Latest in Ads

Image credit:

iOS 8 Safari can block ads from automatically redirecting to the App Store

Sponsored Links

One of the most frustrating aspects of the modern mobile internet is advertising that kicks you off the webpage you're on and forces you into the App Store. Oftentimes websites -- including TUAW -- aren't even aware that their ads are doing this obnoxious and vile act until it's too late and readers are already ticked off. Thankfully, the upcoming iOS 8 will fix this problem for Safari users.

In the release notes for the latest iOS 8 Beta update comes this wonderful hidden gem:

That's right folks, the days of intrusive spam ads kicking you out of the article you want to read and into the App Store for a product you don't want are almost over. HealthKit, time lapse video, and the other wonderful features of iOS 8 we've found out about so far are all exciting, but this? This will make Safari the go-to browser for a large chunk of iOS fans, if only so they can browse the internet in peace once again.

We can't wait for the arrival of Fall.

In this article: ads, iOS, iOS 8, iOS 8 beta, mobile safari, safari, spam
All products recommended by Engadget are selected by our editorial team, independent of our parent company. Some of our stories include affiliate links. If you buy something through one of these links, we may earn an affiliate commission.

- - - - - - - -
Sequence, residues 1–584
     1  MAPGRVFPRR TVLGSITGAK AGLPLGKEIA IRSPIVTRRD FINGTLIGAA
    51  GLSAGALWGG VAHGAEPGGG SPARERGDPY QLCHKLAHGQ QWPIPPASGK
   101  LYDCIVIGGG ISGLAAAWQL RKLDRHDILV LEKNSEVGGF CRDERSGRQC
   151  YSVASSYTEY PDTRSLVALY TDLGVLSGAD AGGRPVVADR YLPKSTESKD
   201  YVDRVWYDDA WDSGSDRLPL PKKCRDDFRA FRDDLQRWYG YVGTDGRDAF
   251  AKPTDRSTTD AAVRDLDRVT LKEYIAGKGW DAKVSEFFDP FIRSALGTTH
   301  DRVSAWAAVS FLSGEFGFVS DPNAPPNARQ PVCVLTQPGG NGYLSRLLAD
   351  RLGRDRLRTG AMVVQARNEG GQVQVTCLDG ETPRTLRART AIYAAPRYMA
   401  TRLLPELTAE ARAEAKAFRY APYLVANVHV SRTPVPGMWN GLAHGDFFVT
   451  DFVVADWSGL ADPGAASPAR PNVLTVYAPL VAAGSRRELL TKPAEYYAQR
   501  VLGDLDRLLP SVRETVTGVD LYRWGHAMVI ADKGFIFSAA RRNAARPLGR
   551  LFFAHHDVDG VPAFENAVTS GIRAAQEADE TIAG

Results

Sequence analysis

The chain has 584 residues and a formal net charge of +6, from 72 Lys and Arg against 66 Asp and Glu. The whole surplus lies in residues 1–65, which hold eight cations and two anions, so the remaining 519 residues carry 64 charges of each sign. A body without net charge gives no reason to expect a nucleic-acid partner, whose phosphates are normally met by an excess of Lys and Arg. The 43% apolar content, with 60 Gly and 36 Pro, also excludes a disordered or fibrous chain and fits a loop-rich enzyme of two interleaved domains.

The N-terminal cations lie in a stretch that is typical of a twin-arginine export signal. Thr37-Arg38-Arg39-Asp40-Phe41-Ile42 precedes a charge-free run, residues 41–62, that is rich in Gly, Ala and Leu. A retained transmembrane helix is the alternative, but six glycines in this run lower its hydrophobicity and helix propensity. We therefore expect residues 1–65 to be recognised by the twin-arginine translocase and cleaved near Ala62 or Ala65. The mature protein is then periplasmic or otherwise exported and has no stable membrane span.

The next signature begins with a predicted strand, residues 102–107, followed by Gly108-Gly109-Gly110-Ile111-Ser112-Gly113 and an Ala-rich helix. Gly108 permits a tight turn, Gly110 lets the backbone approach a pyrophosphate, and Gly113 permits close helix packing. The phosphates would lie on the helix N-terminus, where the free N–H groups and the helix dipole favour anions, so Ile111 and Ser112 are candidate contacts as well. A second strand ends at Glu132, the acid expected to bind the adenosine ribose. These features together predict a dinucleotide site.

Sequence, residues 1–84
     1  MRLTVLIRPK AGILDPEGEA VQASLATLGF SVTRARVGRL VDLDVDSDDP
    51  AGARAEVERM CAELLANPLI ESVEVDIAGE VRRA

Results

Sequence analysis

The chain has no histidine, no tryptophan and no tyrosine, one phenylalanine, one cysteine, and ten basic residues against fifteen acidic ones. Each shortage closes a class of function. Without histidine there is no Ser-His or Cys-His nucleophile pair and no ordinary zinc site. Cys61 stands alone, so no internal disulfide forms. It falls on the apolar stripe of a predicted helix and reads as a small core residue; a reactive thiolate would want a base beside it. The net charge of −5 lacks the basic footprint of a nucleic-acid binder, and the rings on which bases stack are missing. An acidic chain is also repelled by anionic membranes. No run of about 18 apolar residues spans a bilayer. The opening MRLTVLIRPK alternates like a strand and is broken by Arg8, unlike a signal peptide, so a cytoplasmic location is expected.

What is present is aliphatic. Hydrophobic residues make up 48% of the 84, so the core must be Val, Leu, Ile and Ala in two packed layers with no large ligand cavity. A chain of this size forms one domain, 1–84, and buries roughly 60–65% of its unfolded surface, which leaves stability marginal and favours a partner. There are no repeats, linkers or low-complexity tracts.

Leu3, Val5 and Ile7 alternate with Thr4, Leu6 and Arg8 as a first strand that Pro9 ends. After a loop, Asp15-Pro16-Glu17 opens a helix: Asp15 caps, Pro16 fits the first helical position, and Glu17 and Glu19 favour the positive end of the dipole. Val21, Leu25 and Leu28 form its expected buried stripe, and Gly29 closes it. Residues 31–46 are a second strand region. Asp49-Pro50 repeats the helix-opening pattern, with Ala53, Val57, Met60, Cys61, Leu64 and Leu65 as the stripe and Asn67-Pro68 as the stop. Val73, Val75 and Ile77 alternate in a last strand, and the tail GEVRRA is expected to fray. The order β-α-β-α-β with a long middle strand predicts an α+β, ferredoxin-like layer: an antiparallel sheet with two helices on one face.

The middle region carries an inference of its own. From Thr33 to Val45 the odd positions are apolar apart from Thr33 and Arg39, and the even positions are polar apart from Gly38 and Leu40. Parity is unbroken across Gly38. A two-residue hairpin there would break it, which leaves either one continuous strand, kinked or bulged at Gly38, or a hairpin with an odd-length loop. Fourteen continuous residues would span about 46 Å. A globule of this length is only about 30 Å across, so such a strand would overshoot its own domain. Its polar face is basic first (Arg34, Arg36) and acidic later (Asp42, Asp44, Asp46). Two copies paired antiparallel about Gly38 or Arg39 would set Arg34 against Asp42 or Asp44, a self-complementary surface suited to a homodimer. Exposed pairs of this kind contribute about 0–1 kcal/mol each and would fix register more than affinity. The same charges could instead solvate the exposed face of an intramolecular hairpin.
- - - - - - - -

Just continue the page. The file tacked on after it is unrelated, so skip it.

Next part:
Comment
Comments
Share
Tweet
Share

Popular on Engadget

Comcast officially purchases Xumo ad-supported streaming service

Comcast officially purchases Xumo ad-supported streaming service

View
Uber, Lyft may create more CO2 emissions than trips they displace

Uber, Lyft may create more CO2 emissions than trips they displace

View
Grimes details her character's backstory in 'Cyberpunk 2077'

Grimes details her character's backstory in 'Cyberpunk 2077'

View
Disney CEO Bob Iger steps down after getting Disney+ off the ground

Disney CEO Bob Iger steps down after getting Disney+ off the ground

View
Smithsonian opens up 2.8 million images to the public

Smithsonian opens up 2.8 million images to the public

View

From around the web

Page 1Page 1ear iconeye iconFill 23text filevr